$68 Each and We Can All Go Home: Character Building - Otaki Forks
Sunday 11 October 1998
We got ready in the usual tramping way. Whilst getting ready, a Robinson helicopter appeared. Fellow trampers commented: "Rodney, you have done well getting a helicopter to deliver our packs up to Kime Hut! Just teasing."
We had the introductions of our group at the start of the tramp. I am always intrigued how everyone seems deep in thought as the challenge ahead unfolds for each individual. As we made our way up the hill with the rain setting in, we noticed how magnificent the flowering Clematis was.
Field Hut was a welcome sight! We had lunch there, feeling a bit concerned about going on to Kime Hut but nevertheless we did. The ground was damp and boggy under foot, but certainly not cold. The track was easy enough to find just by following the water gushing down the hillside. Six hours later, a sight to behold, in the mist we could faintly make out the bright red roof of Kime Hut.
There was only one problem - the other person in the Hut, who had the only mattress in the establishment, was not very talkative. Maybe he thought someone was going to deprive him of his mattress - perish the thought! The rain had not been kind. The hut was like a quagmire.
We woke up at 7am and had left the Hut by 9.30am. As we made our way down to Field Hut again we had some interesting views of the region. A cool light south-easterly prevailed, with the clouds billowing over the mountain-tops. The group's spirits were high, enjoying the welcome relief from the rain and taking in the typical Tararua Beauty. A s we were coming down, we were saying how nice it will be to get home early.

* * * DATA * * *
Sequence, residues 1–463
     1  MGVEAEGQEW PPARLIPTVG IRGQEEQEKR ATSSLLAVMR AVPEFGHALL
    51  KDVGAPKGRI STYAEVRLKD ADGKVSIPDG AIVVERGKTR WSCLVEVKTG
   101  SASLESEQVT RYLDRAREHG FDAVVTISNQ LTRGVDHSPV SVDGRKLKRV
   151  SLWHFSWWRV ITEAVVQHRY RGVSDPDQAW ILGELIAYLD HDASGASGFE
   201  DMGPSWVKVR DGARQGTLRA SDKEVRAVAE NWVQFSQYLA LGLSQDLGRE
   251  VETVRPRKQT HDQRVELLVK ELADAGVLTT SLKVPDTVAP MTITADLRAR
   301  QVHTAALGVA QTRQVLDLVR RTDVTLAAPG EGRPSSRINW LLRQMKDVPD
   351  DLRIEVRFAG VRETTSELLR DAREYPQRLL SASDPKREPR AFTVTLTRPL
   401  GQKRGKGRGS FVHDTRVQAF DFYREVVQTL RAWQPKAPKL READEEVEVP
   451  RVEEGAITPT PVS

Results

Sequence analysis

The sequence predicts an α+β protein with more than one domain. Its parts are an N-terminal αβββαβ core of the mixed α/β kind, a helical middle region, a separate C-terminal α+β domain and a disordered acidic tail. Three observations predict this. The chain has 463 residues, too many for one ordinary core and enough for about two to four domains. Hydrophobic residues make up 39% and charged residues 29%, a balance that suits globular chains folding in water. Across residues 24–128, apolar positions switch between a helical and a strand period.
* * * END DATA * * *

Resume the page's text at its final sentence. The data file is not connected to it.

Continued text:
To our surprise when we arrived at the carpark the Ranger appeared, informing us there had been a slip by the Roaring Meg Stream which made the road impassable for vehicles and trampers alike. It soon became obvious to all that we had a few challenges ahead and a decision needed to be made about what we would do next.
Instant decision : a helicopter, the ultimate choice as it was quick and easy, and all fellow trampers agreed. The cost was $68.00 each. This amount didn't come out of club insurance funds, individuals paid for the rescue.
The strategic helicopter operation was under way!
The Ranger's wife went out in the 4-wheel buggy and sat in the Otaki Forks parking ground with her head lifted to the heavens as they emptied upon her. The rest of us were under shelter. A few in the group were nervous and a bit apprehensive about the impending helicopter flight, so waiting for the helicopter to arrive was tense and rather tedious. Then, all of a sudden we heard a noise from over the hills, and behold it was the Robinson Helicopter. It was like a scene in a Vietnam war movie.
The co-pilot instructed us on what we had to do. The evacuation commenced smoothly with two being taken out at a time. The helicopter co-pilot did a lot of thumbs-up actions each time he landed, to the amusement of our party. It was all very interesting.
As leader, I was the last one out. It was quite exciting to see my brother's vehicle and shuttle van and me making a "M*A*S*H" style entrance. But we all got home safely with many stories to tell. By Wednesday the slip had been cleared and we were able to collect our cars along with our very smelly packs.
The party members were: Ana Legge, Michael Hoyle, Siiri Bennett, Denise Whetton, Merran Lewis, Vivienne Healey, Carolyn Henkel, Barry Cuthbert, Alan Clark and Rodney Pfeffer (Leader and Scribe).